In certain industries, it’s a fact of life that there are people who stay within the field their entire career. In every industry, managing expenses and costs is one of the top priorities no matter what your position is or what department you are in. So how does this impact HR managers who are looking for talent within different communities? Social Media Manager Erin Bazinet has identified three ‘R’s to apply to talent communities in order to connect with candidates and to improve hiring searches, including reducing costs, reusing talent, and recycling prior applicants.
HRO Today: Talent communities are an essential component of today’s social recruiter’s game plan. Not only do they provide?a warm, inviting place for recruiters to connect and communicate with candidates, but they also facilitate crowd sourcing high-quality candidates. Just so we are all on the same page: Talent communities differ from career sites in their dynamic interactivity and their focus on building relationships between the recruiter and candidate.
You can think of it this way: Career sites are an entry point for people to be introduced to your employment brand, get to know the basics about your company, apply to a job, and be invited to join your talent community. Your talent community is where you build relationships with community members, share valuable content, and engage people to stay involved with your brand. Career sites and talent communities are both necessary and valuable in the recruitment process.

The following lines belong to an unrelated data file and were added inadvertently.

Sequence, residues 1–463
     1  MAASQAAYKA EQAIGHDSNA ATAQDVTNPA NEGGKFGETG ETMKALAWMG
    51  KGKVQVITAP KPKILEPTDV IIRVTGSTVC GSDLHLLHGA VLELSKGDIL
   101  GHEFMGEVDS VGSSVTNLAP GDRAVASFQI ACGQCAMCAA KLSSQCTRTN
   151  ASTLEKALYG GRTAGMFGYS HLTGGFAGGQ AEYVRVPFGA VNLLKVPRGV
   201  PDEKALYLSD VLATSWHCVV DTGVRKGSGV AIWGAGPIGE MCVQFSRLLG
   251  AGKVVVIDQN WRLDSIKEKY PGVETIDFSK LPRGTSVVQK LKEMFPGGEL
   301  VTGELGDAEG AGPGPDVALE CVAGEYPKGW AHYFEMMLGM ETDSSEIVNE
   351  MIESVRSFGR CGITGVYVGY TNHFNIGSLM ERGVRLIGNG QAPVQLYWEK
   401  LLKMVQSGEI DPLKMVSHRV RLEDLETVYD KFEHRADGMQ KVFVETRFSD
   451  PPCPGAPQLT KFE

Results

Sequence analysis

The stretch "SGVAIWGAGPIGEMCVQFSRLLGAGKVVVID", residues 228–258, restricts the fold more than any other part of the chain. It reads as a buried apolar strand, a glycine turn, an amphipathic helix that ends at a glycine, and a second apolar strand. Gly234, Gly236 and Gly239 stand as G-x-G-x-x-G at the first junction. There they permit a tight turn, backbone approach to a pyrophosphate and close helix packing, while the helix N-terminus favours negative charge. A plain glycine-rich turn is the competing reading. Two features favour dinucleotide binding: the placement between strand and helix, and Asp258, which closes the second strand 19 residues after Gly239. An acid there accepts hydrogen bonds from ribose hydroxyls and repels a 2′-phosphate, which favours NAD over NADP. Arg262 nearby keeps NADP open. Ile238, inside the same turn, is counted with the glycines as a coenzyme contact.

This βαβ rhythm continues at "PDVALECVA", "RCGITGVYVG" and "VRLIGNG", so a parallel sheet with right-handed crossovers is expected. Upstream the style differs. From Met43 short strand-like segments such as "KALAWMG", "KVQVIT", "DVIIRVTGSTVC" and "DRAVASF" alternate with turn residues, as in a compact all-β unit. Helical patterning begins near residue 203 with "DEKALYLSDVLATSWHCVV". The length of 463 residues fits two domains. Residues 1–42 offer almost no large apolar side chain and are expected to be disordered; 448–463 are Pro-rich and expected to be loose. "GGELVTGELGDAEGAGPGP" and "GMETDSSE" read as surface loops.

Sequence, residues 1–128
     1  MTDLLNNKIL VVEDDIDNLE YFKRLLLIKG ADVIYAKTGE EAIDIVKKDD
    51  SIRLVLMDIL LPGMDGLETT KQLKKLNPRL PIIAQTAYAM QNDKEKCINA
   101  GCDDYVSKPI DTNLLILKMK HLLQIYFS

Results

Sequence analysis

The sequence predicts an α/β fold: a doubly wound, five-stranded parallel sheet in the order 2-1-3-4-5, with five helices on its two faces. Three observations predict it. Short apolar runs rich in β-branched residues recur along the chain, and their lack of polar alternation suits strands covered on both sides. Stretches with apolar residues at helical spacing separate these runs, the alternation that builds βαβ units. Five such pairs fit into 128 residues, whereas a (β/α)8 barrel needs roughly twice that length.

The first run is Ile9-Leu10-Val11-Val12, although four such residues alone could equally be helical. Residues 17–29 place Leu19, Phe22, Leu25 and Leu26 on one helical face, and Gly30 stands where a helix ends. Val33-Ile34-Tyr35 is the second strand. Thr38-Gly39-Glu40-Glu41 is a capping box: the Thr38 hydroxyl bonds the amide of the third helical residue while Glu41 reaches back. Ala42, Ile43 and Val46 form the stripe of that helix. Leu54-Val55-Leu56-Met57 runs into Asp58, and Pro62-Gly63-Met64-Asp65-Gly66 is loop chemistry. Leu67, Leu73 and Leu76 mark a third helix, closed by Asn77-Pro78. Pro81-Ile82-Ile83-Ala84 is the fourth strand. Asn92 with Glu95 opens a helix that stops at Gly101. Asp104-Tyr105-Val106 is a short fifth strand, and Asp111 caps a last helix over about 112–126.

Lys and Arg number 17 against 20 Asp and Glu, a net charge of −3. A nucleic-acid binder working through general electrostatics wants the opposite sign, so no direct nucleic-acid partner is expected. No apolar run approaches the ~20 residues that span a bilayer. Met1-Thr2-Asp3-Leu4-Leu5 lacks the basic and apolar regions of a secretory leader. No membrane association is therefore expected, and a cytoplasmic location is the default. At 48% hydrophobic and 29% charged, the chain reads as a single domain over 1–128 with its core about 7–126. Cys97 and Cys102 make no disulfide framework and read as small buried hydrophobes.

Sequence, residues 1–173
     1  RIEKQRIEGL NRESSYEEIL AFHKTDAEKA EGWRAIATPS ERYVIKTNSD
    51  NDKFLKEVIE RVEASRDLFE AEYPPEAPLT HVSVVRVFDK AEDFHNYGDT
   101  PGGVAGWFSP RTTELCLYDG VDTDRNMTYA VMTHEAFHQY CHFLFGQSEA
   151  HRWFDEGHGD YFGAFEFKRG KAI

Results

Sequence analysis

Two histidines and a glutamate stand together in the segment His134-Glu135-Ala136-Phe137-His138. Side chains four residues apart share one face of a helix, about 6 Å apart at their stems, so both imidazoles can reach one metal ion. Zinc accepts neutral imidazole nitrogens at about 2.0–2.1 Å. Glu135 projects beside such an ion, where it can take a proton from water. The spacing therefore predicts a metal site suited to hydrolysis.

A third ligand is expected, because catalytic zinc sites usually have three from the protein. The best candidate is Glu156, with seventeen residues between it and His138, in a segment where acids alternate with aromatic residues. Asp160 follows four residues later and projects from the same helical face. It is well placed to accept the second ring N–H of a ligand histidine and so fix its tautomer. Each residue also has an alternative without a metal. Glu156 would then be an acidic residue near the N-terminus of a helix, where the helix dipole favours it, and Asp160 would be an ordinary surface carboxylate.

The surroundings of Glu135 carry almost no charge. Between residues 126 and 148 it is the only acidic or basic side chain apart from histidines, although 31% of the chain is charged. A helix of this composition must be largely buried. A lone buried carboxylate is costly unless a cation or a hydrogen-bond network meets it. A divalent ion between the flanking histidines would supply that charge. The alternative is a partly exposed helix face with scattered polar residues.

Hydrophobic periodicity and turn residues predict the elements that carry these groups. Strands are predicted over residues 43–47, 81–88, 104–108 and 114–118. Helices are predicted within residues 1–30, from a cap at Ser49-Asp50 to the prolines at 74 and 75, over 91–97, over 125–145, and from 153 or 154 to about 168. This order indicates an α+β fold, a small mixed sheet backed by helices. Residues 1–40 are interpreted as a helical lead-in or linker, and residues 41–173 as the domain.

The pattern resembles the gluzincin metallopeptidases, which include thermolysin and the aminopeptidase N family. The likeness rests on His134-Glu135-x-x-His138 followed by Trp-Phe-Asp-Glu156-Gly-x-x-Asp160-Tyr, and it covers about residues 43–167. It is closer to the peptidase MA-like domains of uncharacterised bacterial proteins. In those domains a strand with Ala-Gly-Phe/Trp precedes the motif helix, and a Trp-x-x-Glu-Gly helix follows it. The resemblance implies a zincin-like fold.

So what are the three ‘R’s? Reduce. Reuse. Recycle. These three aspects can help you leverage the long-term value of your community.:
- Reduce - Having a talent community and communicating with members consistently can reduce your costs in advertising jobs – effectively, you cut out the middle man by sharing job opportunities directly with candidates.
- Reuse - Talent communities are effective at reusing past applicants who weren’t necessarily hired, but may still be a qualified match. Targeting job openings to these talent pools is easier if you segment your community by skillset, geography, industry, and/or career interest level.
- Recycle - Many companies find that applicants are often not hired the first time they apply at the company. Talent communities can help you recycle potential applicants by enticing them to stay engaged with your company.
You can read Erin Bazinet’s full article here on HRO Today: Talent Communities